Quantifying Causal Mechanisms to Determine How Protected Areas Affect Poverty Through Changes in Ecosystem Services and Infrastructure

PNAS, Vol. 111, No. 11, 2014

6 Pages Posted: 22 Jan 2015

See all articles by Paul J. Ferraro

Paul J. Ferraro

Johns Hopkins University - Carey Business School; Georgia State University - Department of Economics

Merlin Hanauer

Sonoma State University - School of Business and Economics

Date Written: August 20, 2014

Abstract

To develop effective environmental policies, we must understand the mechanisms through which the policies affect social and environmental outcomes. Unfortunately, empirical evidence about these mechanisms is limited, and little guidance for quantifying them exists. We develop an approach to quantifying the mechanisms through which protected areas affect poverty. We focus on three mechanisms: changes in tourism and recreational services; changes in infrastructure in the form of road networks, health clinics, and schools; and changes in regulating and provisioning ecosystem services and foregone production activities that arise from land-use restrictions. The contributions of ecotourism and other ecosystem services to poverty alleviation in the context of a real environmental program have not yet been empirically estimated. Nearly two-thirds of the poverty reduction associated with the establishment of Costa Rican protected areas is causally attributable to opportunities afforded by tourism. Although protected areas reduced deforestation and increased regrowth, these land cover changes neither reduced nor exacerbated poverty, on average. Protected areas did not, on average, affect our measures of infrastructure and thus did not contribute to poverty reduction through this mechanism. We attribute the remaining poverty reduction to unobserved dimensions of our mechanisms or to other mechanisms. Our study empirically estimates previously unidentified contributions of ecotourism and other ecosystem services to poverty alleviation in the context of a real environmental program. We demonstrate that, with existing data and appropriate empirical methods, conservation scientists and policymakers can begin to elucidate the mechanisms through which ecosystem conservation programs affect human welfare.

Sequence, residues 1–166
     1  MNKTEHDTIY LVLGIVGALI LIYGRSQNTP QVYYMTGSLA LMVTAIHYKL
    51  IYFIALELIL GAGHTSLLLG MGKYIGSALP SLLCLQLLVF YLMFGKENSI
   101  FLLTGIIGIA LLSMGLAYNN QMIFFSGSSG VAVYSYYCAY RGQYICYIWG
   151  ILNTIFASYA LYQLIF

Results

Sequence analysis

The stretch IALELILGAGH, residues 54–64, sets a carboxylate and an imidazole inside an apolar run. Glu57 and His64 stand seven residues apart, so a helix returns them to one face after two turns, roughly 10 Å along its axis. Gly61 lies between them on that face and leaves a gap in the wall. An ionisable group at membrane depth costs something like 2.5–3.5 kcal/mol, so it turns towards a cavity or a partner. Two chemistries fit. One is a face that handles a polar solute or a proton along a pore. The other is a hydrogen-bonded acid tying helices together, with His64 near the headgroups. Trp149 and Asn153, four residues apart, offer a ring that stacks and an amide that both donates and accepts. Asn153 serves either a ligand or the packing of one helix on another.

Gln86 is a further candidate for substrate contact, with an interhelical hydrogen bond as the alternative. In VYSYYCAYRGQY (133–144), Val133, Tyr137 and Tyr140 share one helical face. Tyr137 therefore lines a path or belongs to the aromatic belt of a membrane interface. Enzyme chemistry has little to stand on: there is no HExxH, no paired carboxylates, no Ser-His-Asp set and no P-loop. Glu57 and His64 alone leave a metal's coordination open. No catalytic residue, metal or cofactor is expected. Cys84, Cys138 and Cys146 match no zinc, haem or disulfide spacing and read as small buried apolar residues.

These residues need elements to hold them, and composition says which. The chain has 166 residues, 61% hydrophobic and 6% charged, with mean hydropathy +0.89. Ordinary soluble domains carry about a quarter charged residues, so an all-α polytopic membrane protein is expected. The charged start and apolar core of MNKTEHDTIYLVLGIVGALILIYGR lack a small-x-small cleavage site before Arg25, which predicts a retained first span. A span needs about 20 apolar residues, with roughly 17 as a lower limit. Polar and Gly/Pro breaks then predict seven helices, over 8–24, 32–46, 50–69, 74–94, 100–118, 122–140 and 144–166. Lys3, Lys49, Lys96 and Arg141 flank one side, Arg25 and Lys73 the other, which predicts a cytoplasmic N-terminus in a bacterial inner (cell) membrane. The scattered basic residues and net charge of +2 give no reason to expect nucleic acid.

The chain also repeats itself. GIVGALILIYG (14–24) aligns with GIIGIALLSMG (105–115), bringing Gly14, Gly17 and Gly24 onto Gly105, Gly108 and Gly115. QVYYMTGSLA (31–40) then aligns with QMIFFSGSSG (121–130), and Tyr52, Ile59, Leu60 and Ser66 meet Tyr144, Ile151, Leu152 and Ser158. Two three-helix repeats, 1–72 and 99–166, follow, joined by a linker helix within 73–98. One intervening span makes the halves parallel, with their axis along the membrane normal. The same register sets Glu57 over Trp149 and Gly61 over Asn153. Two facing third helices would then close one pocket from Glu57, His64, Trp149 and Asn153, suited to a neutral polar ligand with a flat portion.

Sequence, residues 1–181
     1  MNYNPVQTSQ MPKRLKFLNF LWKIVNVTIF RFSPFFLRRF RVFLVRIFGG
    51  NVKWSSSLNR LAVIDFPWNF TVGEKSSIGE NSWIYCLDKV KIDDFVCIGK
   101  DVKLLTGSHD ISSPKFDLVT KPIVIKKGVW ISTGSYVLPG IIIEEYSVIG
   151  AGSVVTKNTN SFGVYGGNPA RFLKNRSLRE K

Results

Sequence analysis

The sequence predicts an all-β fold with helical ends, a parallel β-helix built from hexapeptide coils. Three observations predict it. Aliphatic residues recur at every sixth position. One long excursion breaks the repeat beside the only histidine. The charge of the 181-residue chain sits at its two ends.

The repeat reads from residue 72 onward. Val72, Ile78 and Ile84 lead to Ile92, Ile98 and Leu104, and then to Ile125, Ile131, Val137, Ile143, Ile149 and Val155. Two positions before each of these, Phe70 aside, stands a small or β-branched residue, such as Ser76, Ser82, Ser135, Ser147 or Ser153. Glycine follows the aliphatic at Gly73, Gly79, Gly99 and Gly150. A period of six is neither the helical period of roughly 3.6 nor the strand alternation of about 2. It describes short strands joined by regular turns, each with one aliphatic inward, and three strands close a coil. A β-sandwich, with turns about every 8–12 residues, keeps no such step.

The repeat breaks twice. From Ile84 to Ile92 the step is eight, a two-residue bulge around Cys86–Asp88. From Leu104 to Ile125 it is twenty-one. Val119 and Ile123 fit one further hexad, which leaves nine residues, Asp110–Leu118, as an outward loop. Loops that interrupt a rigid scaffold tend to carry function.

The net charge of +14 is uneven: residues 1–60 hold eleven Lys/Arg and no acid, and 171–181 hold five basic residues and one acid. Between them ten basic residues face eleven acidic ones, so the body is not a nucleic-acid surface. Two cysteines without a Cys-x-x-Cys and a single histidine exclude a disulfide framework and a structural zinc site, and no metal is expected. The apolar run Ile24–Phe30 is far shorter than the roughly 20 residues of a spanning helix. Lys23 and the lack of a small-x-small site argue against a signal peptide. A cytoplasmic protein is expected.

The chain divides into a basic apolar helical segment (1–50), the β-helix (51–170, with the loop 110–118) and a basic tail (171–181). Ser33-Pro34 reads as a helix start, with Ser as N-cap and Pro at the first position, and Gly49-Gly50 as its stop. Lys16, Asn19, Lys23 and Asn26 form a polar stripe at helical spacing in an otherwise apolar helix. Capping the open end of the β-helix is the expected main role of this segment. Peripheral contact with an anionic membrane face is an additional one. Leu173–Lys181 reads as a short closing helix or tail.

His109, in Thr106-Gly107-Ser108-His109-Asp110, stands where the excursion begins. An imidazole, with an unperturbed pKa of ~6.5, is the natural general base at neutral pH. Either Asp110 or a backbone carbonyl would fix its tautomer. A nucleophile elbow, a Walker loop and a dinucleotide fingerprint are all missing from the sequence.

Keywords: parks, mediator, impact evaluation, quasi-experimental, matching

Suggested Citation

Ferraro, Paul J. and Hanauer, Merlin, Quantifying Causal Mechanisms to Determine How Protected Areas Affect Poverty Through Changes in Ecosystem Services and Infrastructure (August 20, 2014). PNAS, Vol. 111, No. 11, 2014. Available at SSRN: https://ssrn.com/abstract=2553022

Paul J. Ferraro

Johns Hopkins University - Carey Business School ( email )

100 International Drive
Baltimore, MD 21202
United States

Georgia State University - Department of Economics ( email )

P.O. Box 3992
Atlanta, GA 30302-3992
United States

Merlin Hanauer (Contact Author)

Sonoma State University - School of Business and Economics ( email )

1801 East Cotati Avenue
Rohnert Park, CA 94928
United States

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